Joe:

I just can’t get on board with paying for Engram. He’s going in the mid-round dead zone for TEs — if I haven’t drafted one of the “big four,” I’m probably going dumpster-diving at the position, because there are a lot of appealing late-round options. The fact that he isn’t yet healthy is a big concern for me.

VERDICT: NO INJURY DISCOUNT

Hunter Henry, Los Angeles Chargers

ADP: Round 9, TE9

Scott:

From 2016-2017 – his first two seasons in the league – Hunter Henry ranked second in PFF grade, second in yards per target, and third in yards per route run. He hit at least 70 receiving yards or scored a touchdown in 17 of his 25 targeted games (68 percent) – the highest rate in the league over that span. And he did this while drawing just 44% of his team’s tight end targets, to Antonio Gates’ 54%.

2018 was supposed to be his breakout year, but he tore his ACL in the preseason. So, we pushed his breakout campaign back a year. But, unfortunately, he suffered a tibia plateau fracture in Week 1, causing him to sit out the next four weeks.

While it’s unclear how long that injury might have lingered beyond his return, it is encouraging to note he still finished the season eighth in fantasy points per game (12.5), one spot above his current ADP.

Edwin:

Henry is objectively at risk for osteoarthritis in the future — which technically includes 2020 — but he’s shown no indication of slowing down yet. I’ll agree with Scott, he feels like a good bet to beat his ADP.

Joe:

Here’s another player I’m struggling with. I’m concerned with a number of things — I clearly think there is injury risk (he’s never played a full season), and I’m also worried about the fact that the Chargers are going to have one of the least voluminous passing games in the entire NFL. That being said, Tyrod Taylor threw the ball quite a bit to someone like Charles Clay in Buffalo, and Henry is significantly more talented than Clay. I’m not exactly targeting Henry, but there’s a good case to be made here for him to be a discount.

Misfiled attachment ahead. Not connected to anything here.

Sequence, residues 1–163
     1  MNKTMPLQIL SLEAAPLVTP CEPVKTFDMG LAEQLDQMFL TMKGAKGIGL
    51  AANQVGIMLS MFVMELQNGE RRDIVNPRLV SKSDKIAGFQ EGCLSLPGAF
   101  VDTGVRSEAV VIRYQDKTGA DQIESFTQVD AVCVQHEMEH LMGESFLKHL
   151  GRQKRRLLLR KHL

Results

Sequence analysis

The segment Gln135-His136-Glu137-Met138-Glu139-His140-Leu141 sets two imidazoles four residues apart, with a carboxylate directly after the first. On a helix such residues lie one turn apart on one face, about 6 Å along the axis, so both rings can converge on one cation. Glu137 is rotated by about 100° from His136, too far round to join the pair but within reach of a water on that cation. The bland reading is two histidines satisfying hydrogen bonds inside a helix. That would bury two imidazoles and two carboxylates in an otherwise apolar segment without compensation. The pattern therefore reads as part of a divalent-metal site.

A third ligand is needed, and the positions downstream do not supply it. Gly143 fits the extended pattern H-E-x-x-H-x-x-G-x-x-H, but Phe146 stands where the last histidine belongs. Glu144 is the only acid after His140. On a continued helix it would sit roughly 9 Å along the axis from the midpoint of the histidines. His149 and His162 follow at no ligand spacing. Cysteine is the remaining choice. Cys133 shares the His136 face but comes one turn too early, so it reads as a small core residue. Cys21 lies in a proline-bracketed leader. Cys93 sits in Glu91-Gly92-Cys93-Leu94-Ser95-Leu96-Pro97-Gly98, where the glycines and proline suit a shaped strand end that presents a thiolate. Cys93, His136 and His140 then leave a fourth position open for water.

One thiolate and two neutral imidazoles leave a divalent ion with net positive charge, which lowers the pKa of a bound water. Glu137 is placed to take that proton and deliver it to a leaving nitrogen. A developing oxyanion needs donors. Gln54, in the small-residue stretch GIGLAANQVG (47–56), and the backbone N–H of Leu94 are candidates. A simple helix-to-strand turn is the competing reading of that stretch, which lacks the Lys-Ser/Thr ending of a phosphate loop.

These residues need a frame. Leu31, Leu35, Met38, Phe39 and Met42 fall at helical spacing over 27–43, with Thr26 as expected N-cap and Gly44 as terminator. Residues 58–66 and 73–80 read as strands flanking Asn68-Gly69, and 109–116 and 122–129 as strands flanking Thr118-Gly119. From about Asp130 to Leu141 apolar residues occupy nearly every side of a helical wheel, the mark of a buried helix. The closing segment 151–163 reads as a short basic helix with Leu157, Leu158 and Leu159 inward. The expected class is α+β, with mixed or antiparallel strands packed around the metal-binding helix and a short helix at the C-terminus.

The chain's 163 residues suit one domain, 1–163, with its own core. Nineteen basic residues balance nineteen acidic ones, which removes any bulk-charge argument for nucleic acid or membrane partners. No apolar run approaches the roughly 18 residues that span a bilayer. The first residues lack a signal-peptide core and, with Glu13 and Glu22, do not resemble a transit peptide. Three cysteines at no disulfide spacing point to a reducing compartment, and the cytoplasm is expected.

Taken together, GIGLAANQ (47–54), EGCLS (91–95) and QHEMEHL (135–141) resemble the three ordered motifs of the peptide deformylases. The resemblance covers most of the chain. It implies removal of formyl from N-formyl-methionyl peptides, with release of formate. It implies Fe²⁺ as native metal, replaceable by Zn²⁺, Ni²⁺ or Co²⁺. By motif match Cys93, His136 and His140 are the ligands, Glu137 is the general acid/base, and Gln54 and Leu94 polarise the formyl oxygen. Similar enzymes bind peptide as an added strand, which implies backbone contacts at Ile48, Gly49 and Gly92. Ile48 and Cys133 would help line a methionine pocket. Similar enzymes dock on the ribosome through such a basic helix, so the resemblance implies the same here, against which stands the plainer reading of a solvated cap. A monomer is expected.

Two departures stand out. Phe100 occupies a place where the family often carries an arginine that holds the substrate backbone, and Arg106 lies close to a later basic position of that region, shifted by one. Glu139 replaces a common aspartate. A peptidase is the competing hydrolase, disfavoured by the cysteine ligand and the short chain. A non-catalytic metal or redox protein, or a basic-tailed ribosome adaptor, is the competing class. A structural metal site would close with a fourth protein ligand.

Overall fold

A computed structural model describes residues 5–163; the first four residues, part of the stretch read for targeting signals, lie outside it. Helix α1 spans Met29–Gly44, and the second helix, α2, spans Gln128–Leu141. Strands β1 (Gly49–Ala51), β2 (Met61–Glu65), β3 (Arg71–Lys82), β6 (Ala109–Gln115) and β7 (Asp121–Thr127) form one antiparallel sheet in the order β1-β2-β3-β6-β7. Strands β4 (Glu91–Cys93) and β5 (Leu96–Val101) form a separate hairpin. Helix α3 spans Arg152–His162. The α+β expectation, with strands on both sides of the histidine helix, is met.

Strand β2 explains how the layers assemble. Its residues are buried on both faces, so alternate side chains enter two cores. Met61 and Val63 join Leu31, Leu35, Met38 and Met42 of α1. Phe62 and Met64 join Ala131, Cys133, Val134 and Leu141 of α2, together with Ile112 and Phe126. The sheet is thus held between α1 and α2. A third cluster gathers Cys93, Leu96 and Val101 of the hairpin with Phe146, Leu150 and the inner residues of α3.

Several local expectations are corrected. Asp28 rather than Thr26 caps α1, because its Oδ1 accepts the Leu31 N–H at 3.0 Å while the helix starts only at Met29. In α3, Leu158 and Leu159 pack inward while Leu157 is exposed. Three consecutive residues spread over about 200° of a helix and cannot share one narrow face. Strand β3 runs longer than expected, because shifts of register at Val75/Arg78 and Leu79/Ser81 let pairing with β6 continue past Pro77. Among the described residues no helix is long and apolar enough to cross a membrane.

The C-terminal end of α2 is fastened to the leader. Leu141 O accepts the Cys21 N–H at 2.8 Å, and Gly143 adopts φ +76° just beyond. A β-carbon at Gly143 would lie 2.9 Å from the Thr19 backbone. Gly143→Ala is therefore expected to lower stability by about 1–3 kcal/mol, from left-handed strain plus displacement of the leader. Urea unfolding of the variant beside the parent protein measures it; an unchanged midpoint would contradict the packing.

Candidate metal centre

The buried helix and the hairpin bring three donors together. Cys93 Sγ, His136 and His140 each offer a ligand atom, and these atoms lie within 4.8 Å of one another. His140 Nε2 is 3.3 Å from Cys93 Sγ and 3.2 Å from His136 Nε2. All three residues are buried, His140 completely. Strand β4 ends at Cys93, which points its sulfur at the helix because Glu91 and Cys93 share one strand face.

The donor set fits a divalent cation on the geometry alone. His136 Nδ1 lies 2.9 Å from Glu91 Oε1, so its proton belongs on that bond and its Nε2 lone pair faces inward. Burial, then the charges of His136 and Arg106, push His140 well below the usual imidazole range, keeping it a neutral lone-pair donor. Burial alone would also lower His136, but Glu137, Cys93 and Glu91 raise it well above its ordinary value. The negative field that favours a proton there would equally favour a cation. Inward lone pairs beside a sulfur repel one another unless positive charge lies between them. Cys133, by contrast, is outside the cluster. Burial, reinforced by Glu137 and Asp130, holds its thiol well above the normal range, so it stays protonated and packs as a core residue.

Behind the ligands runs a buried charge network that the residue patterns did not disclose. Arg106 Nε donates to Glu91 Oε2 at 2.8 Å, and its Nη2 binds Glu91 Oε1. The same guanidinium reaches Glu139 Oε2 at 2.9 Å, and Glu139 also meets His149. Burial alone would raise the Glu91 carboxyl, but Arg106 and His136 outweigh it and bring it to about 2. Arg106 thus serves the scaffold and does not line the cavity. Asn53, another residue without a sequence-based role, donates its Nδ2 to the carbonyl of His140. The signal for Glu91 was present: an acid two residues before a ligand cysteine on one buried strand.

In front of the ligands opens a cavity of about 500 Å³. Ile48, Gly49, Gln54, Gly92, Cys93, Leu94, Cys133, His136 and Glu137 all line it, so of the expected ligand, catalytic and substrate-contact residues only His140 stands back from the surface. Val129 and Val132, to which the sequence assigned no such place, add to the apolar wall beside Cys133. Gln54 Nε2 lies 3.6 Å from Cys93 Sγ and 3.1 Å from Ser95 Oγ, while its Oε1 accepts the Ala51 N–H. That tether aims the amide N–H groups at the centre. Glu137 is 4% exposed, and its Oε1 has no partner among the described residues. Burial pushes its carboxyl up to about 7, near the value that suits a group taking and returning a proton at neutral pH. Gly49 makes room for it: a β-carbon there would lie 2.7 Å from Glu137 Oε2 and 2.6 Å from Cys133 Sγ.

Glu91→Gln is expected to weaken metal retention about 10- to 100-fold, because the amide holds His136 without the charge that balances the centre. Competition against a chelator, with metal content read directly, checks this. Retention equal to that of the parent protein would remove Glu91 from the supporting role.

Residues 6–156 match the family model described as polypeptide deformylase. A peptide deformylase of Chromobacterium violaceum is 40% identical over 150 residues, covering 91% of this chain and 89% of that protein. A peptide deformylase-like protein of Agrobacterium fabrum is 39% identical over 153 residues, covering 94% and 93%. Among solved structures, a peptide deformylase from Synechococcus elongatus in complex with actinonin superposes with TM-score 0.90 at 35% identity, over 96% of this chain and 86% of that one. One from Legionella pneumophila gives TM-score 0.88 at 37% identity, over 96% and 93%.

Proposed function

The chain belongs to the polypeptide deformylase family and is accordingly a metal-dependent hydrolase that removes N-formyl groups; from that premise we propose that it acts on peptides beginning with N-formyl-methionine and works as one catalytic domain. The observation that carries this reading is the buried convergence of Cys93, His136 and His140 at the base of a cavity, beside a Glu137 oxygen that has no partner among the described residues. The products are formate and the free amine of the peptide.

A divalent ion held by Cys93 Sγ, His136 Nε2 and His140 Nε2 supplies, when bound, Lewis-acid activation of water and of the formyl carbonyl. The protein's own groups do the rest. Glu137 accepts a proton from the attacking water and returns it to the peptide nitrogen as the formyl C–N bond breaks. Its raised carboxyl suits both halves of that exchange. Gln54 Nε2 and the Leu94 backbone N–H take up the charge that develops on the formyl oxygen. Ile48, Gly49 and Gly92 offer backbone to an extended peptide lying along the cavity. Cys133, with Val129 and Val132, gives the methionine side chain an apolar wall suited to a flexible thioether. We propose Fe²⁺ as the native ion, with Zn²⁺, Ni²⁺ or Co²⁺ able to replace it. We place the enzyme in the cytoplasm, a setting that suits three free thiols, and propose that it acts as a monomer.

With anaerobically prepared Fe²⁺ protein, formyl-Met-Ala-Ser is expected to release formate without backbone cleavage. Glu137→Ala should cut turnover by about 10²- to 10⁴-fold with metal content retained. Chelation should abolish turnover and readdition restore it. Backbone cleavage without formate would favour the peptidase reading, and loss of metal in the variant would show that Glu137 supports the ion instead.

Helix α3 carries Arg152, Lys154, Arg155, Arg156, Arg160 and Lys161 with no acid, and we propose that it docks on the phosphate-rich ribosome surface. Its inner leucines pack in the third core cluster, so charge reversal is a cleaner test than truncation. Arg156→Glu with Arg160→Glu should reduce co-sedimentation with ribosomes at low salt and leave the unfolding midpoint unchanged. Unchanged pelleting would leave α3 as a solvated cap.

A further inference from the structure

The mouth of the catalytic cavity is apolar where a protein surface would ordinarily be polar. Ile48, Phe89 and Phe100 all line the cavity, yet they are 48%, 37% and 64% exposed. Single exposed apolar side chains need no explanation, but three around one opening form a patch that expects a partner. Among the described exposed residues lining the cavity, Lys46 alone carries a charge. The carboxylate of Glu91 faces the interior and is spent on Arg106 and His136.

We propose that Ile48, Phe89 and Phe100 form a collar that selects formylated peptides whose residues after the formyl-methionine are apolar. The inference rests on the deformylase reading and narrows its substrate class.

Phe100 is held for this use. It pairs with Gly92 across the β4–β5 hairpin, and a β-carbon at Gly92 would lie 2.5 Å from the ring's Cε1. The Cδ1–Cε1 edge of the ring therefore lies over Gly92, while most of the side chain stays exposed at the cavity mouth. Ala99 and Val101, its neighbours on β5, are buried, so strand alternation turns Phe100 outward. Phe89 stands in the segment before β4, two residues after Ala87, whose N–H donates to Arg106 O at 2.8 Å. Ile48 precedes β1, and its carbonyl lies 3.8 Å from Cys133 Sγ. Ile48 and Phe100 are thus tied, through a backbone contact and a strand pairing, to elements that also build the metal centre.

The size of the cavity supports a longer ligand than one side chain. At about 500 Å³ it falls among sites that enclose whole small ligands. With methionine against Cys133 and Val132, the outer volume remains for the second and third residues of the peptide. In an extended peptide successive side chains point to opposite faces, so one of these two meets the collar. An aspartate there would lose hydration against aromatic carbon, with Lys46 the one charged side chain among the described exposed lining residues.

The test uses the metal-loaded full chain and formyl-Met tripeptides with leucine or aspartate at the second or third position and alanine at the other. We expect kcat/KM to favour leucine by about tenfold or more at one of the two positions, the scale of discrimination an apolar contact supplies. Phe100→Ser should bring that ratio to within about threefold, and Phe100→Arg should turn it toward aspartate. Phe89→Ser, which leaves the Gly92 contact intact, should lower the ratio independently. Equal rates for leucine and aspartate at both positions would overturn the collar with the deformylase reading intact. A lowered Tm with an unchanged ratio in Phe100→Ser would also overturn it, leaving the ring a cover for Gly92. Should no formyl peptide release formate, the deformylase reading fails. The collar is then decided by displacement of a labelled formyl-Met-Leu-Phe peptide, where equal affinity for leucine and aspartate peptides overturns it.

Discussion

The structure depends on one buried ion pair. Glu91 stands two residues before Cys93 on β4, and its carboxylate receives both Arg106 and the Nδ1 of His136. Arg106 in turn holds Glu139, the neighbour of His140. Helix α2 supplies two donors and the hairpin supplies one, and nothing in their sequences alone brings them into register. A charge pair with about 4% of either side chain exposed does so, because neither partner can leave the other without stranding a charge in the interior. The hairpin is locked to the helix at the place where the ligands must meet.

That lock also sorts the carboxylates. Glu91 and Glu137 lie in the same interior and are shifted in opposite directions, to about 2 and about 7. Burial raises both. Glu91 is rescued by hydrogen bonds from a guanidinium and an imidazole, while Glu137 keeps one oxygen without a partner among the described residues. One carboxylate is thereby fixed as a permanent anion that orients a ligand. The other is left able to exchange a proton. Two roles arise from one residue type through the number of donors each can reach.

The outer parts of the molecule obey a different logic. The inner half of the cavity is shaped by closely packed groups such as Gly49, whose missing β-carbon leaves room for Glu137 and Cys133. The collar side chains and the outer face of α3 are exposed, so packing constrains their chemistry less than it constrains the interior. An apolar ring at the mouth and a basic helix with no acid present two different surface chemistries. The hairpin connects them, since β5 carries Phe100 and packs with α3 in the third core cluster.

VERDICT: YES, INJURY DISCOUNT

Dallas Goedert, Philadelphia Eagles

ADP: Round 11, TE16

Scott:

Dallas Goedert finished last season 12th in fantasy points per game (9.7), and he currently ranks 16th by ADP. According to our NFL Insider Adam Caplan, Goedert suffered a calf strain early in training camp and then had at least one setback (Week 2), and as such, wasn’t really close to 100% until at least around mid-season. Goedert’s numbers at least hint at this, averaging 12.0 fantasy points per game over his final 10 games, or 13.0 fantasy points per game over his final five games (which would have ranked eighth-best). Granted, Philadelphia had a fully decimated receiving corps in the second half of last year, which undoubtedly helped prop up his numbers, but also no one is talking about (or maybe is aware of) the fact that he was playing hurt for much of the season.

Edwin:

Handcuffs rarely exist outside of the running back position, but Goedert is the exact prototype of that rarity. Not only was he injured most of last season, but his counterpart, Zach Ertz, has had hamstring injuries in four out of the last five seasons. Age and previous history of these injuries are the best predictors of recurrence and at age 30, Ertz is no spring chicken.